How a Shift in the Winds of Caribbean Tourism Can Impact Your Destination

The tourism and economic development sector is always shifting due to political climate, natural disasters, climate change, or an increase in crime. In order to navigate these changes, you have to become proactive in your approach and put a plan in place to help circumvent unpredictable situations that might arise.

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President Trump recently tightened restrictions on traveling to Cuba by halting cruise travel and group educational and cultural trips under the “people-to-people” parameters. The people-to-people sanction allowed Americans to visit Cuba without having to have direct family, journalistic, religious, or business ties to their trip. The administration’s decision to remove funds out of the hands of Cuban “military, intelligence and security services” was an effort to inhibit the growth of the communist state.

With cruise travel being the most popular forms of tourism to Cuba, it will negatively affect the government, but could potentially hurt citizens who are privately profiting from tourism. The New York Times reported that from January 1 to April 30 of this year, 142,721 Americans visited the Caribbean island by cruise ship. There were also 114,832 American tourists (not including those visiting relatives) who traveled by plane. This led to more tourist dollars being pumped into the local economy, especially with the Caribbean generating 15.5 percent more economic activity in 2017 than in previous years, according to Forbes.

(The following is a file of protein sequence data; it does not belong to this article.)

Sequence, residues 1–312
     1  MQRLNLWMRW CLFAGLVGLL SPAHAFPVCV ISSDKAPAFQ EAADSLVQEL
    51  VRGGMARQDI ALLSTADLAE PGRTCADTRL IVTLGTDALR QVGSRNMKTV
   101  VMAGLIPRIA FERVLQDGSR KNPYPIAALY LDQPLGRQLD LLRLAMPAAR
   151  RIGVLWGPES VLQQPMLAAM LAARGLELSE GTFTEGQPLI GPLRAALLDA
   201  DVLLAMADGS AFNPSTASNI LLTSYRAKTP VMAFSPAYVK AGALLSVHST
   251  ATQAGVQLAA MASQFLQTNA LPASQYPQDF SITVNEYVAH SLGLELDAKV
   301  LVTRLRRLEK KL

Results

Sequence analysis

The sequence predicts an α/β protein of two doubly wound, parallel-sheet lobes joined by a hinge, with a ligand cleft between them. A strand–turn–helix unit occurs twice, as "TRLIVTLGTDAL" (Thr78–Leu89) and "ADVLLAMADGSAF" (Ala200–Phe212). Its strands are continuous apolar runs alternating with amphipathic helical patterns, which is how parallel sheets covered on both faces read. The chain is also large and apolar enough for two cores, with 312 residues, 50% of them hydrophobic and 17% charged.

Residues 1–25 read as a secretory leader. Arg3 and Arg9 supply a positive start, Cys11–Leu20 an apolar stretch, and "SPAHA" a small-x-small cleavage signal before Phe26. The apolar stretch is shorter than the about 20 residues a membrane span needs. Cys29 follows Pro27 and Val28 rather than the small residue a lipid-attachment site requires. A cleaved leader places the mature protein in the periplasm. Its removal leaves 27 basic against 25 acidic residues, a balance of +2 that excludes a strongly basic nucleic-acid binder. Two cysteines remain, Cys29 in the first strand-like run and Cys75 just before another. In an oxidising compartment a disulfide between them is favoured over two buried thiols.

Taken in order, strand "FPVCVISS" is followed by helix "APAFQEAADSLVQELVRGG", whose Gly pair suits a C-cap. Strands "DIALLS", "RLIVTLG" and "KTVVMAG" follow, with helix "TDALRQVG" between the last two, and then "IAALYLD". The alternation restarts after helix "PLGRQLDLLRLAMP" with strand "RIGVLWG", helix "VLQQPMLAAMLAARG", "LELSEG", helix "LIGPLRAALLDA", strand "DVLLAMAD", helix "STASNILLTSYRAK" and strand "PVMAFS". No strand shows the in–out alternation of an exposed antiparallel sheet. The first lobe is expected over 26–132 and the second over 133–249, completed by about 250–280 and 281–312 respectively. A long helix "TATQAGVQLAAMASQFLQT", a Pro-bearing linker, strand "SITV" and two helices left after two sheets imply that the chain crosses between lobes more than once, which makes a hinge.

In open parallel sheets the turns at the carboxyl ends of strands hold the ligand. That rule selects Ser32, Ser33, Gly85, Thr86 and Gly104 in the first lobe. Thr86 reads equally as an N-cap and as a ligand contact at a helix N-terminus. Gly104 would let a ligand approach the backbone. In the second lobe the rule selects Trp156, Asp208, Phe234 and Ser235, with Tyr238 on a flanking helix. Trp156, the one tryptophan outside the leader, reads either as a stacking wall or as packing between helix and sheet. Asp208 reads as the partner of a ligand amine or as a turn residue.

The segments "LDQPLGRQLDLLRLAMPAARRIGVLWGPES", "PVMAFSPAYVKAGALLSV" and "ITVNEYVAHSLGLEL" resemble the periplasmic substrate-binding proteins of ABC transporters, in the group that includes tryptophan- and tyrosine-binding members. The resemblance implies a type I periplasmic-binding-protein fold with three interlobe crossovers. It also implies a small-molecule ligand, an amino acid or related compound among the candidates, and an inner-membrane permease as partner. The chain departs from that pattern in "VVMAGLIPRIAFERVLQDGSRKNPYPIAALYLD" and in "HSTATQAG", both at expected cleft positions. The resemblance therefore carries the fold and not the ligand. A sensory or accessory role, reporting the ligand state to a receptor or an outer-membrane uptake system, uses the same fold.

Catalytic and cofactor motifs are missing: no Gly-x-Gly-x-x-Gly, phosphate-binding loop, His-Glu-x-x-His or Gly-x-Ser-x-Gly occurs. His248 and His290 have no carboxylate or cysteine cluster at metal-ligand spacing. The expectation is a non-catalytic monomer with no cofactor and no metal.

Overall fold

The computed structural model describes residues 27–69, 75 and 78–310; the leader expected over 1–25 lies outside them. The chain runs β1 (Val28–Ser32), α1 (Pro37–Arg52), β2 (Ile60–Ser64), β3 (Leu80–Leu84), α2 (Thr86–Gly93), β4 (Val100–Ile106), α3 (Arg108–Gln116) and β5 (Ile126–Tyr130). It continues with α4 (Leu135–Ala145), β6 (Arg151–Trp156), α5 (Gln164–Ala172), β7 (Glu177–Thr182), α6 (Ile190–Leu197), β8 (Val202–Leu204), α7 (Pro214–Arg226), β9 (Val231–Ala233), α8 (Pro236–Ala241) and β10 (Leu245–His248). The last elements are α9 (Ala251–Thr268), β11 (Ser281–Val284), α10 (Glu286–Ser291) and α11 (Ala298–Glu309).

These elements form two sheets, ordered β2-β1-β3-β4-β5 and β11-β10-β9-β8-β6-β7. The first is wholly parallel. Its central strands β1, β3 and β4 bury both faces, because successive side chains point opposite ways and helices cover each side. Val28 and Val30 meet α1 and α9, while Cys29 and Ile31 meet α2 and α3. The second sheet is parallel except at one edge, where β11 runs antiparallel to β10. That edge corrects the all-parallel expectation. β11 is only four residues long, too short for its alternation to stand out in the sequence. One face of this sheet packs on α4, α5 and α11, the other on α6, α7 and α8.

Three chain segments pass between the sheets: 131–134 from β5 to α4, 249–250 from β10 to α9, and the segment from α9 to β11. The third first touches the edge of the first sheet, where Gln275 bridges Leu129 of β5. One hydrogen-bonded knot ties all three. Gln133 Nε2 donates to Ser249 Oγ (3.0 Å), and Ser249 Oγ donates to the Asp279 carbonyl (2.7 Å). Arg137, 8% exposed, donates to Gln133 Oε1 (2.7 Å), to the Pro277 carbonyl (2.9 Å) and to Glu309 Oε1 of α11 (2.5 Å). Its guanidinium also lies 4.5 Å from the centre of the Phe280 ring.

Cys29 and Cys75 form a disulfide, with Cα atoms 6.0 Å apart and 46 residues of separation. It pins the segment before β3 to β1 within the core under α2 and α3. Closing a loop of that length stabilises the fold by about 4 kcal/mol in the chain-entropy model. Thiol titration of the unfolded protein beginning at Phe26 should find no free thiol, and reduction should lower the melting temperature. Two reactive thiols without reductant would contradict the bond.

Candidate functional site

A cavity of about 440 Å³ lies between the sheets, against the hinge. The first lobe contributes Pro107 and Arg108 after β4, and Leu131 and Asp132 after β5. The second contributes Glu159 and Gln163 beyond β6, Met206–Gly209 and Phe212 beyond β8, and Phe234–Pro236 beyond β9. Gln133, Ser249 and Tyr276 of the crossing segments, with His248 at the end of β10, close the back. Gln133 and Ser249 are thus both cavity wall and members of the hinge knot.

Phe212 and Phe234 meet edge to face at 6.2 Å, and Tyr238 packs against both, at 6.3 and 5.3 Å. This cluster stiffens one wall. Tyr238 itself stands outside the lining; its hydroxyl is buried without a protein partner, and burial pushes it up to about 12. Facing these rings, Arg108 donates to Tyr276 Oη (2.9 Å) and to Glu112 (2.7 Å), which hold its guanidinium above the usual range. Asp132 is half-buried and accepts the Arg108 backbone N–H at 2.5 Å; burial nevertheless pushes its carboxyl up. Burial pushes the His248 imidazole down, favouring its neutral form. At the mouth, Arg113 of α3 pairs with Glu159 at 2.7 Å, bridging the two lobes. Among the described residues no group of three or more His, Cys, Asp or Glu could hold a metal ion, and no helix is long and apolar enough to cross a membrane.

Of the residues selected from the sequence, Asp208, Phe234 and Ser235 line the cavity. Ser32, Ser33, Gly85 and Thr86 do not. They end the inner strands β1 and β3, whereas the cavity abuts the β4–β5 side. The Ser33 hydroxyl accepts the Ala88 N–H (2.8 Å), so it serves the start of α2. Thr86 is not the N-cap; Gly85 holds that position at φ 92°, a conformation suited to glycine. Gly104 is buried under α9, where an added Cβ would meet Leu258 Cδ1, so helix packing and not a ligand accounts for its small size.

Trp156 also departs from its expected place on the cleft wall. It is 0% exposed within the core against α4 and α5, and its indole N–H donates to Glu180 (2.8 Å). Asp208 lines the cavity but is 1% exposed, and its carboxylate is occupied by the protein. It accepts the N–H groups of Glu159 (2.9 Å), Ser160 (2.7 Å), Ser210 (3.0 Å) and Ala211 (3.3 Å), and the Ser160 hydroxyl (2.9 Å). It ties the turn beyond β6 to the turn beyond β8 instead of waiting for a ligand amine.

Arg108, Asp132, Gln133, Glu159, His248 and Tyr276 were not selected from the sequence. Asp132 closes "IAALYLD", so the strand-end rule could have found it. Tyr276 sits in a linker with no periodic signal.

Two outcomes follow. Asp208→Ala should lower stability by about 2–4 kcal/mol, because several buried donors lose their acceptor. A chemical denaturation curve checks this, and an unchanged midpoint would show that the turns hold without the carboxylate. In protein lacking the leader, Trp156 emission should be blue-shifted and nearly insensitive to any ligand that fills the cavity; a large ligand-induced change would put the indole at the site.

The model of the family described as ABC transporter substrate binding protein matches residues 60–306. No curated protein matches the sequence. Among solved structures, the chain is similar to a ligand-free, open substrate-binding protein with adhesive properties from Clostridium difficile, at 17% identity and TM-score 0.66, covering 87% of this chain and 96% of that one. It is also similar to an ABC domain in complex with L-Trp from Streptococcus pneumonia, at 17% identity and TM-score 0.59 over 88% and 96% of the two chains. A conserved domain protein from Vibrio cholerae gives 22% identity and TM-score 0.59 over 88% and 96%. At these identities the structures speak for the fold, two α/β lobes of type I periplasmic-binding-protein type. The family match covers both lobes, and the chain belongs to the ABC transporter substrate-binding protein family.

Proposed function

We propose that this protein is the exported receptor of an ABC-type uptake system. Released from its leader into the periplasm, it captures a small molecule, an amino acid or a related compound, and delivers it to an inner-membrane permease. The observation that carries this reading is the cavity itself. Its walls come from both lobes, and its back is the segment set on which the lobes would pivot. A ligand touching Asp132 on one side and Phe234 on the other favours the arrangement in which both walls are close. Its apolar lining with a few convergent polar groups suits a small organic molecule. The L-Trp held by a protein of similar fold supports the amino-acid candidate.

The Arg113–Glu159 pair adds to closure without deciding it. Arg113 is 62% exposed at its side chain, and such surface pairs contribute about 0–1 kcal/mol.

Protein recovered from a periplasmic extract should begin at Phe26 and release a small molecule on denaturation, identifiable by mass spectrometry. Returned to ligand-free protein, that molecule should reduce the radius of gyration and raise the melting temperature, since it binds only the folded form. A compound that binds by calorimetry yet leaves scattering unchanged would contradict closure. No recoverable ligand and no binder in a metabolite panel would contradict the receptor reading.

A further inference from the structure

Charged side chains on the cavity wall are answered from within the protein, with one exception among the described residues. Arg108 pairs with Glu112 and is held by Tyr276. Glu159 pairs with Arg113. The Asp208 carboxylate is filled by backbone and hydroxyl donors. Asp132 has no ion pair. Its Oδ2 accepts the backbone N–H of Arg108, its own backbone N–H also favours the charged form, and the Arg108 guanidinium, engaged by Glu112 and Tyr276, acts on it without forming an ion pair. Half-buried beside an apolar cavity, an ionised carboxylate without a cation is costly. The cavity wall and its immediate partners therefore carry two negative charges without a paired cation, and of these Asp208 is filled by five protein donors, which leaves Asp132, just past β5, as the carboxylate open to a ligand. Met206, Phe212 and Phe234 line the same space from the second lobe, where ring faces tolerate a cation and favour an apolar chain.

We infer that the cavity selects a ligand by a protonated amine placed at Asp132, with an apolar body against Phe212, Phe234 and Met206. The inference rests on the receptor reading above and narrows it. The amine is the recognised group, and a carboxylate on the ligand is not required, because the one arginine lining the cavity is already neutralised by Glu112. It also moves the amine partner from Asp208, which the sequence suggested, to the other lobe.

To circumvent this, many tour operators in Cuba are finding loopholes within the restrictions and changing their businesses to fall under one of the 11 purposes for travel that the U.S. options, “support for Cuban people.” To be compliant with the new restrictions, they are turning to a more voluntourism approach with a potential for economic development that makes a more direct impact to the lives of the Cuban people. Under this parameter, itineraries will need to be approved by the United States government and will consist of meetings and visits to local business owners and artists, as well as participation in local activities and staying in a private home rather than a hotel.

With local Cuban tourism operators taking a more voluntourism approach as a response to these sanctions, it could directly grow that type of tourism on the island. We’ve seen travelers shifting their reasons to visit when political climates and natural disasters alter the travel landscape. Although voluntourism is sometimes seen as negatively affecting the economy, there is a potential for it to directly affect the economic development of locals on the island.

Ultimately, in the upcoming months, we will see how this will affect other destinations within the Caribbean. With major cruise lines redirecting their courses to nearby ports, we could potentially see an uptick in the economic development of neighboring destinations in the region. Destinations should continue to monitor the news and changes in neighboring countries as it could affect their tourism and economic landscape.